Protecting Ohio's Farmland from Fracking
High-volume horizontal hydrofracturing, commonly referred to as "fracking" is a controversial process used to extract natural gas from shale rock formations underground. Unlike conventional natural gas drilling, this industrial process requires well pads four acres or larger and involves increased traffic, roadway construction, land fragmentation and noise pollution. During fracking, enormous amounts of water mixed with sand and toxic chemicals are injected underground. Waste water is then stored and injected deep underground in injection wells (which have been linked to earthquakes in Youngstown, Ohio).
The long-term effects of fracking are still relatively unknown, but evidence suggests that fracking could contaminate our air, water, and soil, which are essential to a thriving local food and farming community. Air pollution can result in lower crop yields in soybeans, spinach, tomatoes, beans, alfalfa, and other forages. Livestock are also at risk, because they are attracted to the toxic and salty brine used in fracking. Waste water, which contains chemicals used in the fracking process and naturally occurring heavy metals and toxic gases, can contaminate ground and surface water supplies through underground fissures, surface spills, and blowouts.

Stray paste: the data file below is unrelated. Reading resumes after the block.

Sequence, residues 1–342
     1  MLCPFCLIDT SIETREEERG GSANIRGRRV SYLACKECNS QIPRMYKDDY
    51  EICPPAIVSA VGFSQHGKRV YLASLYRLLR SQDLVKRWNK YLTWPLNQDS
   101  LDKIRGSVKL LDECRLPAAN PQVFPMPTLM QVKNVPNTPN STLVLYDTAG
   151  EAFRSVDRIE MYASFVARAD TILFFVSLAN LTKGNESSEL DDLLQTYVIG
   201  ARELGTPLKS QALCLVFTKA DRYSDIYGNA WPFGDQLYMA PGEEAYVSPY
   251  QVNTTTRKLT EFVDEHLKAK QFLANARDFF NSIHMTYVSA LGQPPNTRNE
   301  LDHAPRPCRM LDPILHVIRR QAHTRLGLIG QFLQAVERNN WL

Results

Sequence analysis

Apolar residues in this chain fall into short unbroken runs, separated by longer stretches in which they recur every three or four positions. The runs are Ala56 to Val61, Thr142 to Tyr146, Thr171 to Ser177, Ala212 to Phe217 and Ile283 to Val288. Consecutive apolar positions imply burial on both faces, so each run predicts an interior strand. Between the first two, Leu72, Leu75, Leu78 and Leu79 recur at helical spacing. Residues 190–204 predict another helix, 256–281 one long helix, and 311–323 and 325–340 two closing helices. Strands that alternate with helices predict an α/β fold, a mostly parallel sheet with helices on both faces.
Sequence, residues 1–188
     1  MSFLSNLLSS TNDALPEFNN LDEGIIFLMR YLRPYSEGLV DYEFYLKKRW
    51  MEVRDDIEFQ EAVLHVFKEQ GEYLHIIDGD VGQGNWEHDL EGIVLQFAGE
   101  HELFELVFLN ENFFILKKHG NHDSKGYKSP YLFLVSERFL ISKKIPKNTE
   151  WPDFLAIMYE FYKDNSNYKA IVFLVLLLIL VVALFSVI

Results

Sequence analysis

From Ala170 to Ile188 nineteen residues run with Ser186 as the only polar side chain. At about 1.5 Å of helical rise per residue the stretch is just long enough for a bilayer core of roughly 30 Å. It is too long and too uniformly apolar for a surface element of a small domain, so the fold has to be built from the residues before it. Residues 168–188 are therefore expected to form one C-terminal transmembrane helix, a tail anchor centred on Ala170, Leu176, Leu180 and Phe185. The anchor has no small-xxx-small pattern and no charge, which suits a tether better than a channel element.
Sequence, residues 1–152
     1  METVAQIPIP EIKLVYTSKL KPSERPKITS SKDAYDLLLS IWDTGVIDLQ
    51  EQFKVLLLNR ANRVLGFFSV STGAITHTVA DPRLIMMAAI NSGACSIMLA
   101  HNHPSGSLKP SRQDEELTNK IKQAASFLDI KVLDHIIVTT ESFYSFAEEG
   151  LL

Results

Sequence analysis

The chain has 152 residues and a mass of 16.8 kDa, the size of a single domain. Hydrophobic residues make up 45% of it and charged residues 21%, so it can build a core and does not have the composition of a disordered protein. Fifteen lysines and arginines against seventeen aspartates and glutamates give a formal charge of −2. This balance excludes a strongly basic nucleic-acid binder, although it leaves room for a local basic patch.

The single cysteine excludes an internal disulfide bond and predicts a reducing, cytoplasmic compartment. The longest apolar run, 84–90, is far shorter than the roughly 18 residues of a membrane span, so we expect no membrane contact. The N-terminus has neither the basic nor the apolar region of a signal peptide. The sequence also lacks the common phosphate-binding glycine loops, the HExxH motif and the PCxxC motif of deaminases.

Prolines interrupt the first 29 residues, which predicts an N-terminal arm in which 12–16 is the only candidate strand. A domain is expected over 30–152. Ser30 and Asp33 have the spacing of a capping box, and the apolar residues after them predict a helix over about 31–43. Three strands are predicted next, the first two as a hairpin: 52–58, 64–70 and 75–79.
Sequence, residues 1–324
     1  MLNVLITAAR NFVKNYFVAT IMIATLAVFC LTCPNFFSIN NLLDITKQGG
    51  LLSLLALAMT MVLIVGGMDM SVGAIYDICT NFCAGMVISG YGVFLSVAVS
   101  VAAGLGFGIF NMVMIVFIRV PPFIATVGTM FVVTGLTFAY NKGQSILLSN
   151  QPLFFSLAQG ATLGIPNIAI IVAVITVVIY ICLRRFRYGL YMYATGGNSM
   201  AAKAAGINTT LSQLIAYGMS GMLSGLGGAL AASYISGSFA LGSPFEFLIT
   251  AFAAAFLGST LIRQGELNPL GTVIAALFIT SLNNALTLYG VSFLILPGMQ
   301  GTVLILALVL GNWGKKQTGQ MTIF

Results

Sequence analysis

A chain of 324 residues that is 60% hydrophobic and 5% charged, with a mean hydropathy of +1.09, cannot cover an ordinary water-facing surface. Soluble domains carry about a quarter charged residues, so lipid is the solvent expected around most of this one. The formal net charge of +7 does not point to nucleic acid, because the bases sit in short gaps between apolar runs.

Fracking and Farmland: Stories from the Field
Farmers' livelihoods depend on the integrity of the soil, clean water, and pollution-free air. Because of their reliance on the land, farmers are among those most at risk to suffer from the negative impacts of fracking. As the fracking industry grows in Ohio, farmers' concerns are mounting. Click here to learn about the challenges that four Ohio farmers are facing and what you can do to help.
The success of our policy work relies on OEFFA's dedicated members, who are leading the way to strong and healthy local food systems. For more information about OEFFA's policy work or to get involved, contact email@example.com or (614) 421-2022 Ext. 208.